Monday, May 01, 2000

The Truth About Trade In History

This week I happened upon the site and found an interesting article titled “The Truth About Trade In History” by Bruce Bartlett. The gist of the article is succinctly captured in the opening lines. “Pat Buchanan contends that the United States grew economically strong and prosperous because of trade barriers. … It is more accurate to say that the country grew in spite of import restrictions.”

I felt this article pushed home many of the ideas discussed in this week’s readings and thus would make a good review candidate. Bartlett quotes Buchanan as attributing nearly the entire past economic success of the US to “the success of the policy called protectionism that is so disparaged today.” Well, as they used to say, “them there are fighting words” especially for discussion in a class on International Economics!


After such an attention getting opening, Bartlett proceeds to complete a quick review of trade history setting the stage for his summation that protectionist policy has not been the source of the US’s strength. Along the way, he touches on the top level of each of the tariff definitions discussed in this week’s text.

Bartlett begins with the British and their mercantilistic approach to the American colonies where the “mother country expected to gain materially from all colonial trade.” This not only forced a great burden on the colonies but ultimately it contributed significantly to the Revolution itself.

The article then notes that the first US Congress adopted tariff of 1789 was simply meant to raise revenue for the government. It was not until 1816 when the Congress adopted the first “explicitly protectionist tariff.” From that point forward until the 1930’s a protectionist attitude prevailed.

Bartlett cites economist Frank Taussig whose work found that the tariffs of the early 19th century did nothing to fundamentally advance the economy of the US. From this conclusion, Bartlett points out how Taussig questioned the feasibility of the infant industry argument. Bartlett then confirms the weakness of the infant industry protectionist approach by quoting its ineffectiveness and high degree of likelihood that it would transform into a permanent duty as per the work of Gottfried von Haberler.

Skipping forward, Bartlett then argues that tariffs, especially the Smoot-Hawley tariff of 1930 if “not the single cause of the Great Depression, … certainly made a bad situation worse.” The only saving grace from that period Bartlett claims, is the memories (read nightmares) of the Smoot-Hawley tariff and the way it has kept Americans committed to a free-trade policy for the 60 years since the Depression. His fear however is that today’s prominent politicians such as Buchanan and Ernest Hollings, who proudly wear their protectionists views, are threatening a return to a protectionist past that did not work then and will not work any better today.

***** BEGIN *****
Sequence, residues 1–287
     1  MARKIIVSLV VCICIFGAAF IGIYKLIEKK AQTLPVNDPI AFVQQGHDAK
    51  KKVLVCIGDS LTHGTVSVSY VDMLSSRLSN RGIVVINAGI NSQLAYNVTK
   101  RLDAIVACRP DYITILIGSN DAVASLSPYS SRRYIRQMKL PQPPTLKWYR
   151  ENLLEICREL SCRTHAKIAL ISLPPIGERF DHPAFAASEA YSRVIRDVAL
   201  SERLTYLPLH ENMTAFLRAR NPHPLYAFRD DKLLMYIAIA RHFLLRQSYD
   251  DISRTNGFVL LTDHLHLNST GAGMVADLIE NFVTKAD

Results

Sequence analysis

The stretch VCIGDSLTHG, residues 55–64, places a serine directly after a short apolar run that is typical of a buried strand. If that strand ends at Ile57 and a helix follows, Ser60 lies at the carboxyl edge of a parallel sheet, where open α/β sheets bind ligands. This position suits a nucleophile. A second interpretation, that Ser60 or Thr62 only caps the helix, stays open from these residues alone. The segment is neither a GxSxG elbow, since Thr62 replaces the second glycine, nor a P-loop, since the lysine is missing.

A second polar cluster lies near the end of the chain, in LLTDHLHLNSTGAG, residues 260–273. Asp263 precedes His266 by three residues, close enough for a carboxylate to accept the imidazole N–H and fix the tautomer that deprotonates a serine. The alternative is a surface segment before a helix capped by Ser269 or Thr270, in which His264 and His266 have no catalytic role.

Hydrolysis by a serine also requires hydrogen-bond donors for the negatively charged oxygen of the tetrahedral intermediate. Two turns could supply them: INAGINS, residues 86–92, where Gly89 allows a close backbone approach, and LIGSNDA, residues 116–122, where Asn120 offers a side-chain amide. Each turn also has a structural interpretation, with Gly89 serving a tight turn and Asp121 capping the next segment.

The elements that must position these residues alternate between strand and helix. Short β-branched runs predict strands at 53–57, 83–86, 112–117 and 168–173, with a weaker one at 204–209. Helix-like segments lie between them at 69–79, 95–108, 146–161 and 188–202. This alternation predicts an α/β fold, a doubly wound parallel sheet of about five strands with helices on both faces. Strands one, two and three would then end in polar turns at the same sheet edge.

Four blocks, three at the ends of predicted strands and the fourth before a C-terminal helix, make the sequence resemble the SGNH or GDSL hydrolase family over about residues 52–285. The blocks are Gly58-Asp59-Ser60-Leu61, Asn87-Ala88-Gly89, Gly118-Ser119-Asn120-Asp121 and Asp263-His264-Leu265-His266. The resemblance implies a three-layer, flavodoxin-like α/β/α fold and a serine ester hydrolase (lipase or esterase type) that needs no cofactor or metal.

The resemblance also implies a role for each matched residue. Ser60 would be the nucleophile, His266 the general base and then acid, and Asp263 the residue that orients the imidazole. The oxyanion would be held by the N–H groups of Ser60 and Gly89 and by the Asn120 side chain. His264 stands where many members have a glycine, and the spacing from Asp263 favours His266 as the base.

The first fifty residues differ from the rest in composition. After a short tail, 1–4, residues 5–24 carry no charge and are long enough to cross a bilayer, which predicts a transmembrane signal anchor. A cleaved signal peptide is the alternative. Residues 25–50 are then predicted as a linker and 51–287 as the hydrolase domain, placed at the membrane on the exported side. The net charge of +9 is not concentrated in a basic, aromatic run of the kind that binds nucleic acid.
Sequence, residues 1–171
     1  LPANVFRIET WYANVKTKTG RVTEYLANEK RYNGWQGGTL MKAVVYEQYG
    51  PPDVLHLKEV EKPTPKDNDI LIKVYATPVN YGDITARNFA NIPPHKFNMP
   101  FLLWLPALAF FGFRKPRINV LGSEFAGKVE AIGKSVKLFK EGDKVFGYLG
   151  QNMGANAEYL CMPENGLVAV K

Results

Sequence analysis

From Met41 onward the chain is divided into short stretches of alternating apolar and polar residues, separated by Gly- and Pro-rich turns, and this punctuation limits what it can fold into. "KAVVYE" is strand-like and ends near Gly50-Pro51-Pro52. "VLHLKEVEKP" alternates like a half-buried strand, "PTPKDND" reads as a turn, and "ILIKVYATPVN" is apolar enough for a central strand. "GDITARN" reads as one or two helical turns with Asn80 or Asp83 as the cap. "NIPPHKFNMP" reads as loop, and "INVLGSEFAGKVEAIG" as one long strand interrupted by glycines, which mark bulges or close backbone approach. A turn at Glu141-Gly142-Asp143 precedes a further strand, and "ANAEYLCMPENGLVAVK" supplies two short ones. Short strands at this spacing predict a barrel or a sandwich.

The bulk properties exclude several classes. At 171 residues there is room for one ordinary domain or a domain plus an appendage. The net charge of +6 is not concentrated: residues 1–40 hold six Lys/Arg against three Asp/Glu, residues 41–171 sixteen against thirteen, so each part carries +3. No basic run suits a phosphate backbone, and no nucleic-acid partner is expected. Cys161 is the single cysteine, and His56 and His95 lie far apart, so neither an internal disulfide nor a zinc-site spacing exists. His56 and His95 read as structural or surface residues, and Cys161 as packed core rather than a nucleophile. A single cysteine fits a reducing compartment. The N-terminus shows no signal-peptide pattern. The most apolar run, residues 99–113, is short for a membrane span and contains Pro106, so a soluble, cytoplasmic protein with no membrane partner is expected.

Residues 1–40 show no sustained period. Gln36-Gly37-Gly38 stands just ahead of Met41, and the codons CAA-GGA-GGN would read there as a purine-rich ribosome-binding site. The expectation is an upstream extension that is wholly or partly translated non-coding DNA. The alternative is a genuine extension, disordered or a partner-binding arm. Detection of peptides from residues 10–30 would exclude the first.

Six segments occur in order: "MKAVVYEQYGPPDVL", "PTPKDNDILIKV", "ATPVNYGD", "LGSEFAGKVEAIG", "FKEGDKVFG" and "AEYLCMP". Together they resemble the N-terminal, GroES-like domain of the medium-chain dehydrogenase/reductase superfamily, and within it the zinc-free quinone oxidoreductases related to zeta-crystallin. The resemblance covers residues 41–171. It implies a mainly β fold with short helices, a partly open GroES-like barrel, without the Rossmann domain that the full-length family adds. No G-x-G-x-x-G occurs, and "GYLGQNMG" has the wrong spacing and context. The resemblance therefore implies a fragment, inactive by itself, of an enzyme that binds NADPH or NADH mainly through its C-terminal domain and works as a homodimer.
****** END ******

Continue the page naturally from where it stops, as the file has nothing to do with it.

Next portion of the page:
These popular leaders along with the likes of Ross Perot, raise protectionist issues on an emotional appeal basis which rings like music to many American voters’ ears. Some attribute this shift to a dwindling understanding of and support for true free-trade which has taken place since the mid-1980’s. The reality is that the case for free-trade needs to be re-sold to the American public based on it’s outstanding record. The result of which includes an annual world trade level which has grown from around $100 billion in 1960 to some $3 trillion today while average worldwide tariffs have fallen from around 40% to about 4% today.


In putting this review together, I realize that I have recapped the article more than the syllabus suggests. However, I thought the content made a great extension of the week’s readings. I also thought it made a solid reminder of the need to really focus on being “pro-trade” in our day-to-day business dealings in spite of the short term advantages dangled in front of us by those professing the potential power of protectionist tendencies. Like churning out ideas to simply take advantage of a short term supply and demand imbalance in the public financial markets, seeking or accepting tariff protection can fuel the same bubble about to burst syndrome.

As Edward Hudgins points out in his article entitled The Fundamental Freedom to Trade, “countries do not trade, individuals do.” And so it is on the backs of those individuals who pursue the acquisition and subsequent sale of goods everyday to remember to push their political systems for solutions which enable rather than restrict the growth of the world economy. The answer must lie in building solid, profit-making businesses and embracing (almost fanatically) the notion of free trade and the required role of the individual.


Bartlett, B. The truth about trade in history [Online].

Hudgins, E. The fundamental freedom to trade [Online].

Pugel, T. A., & Lindert, P. H. (2000). International Economics. New York: Irwin McGraw-Hill.

1 comment:

  1. Anonymous1:09 PM

    Correction, it is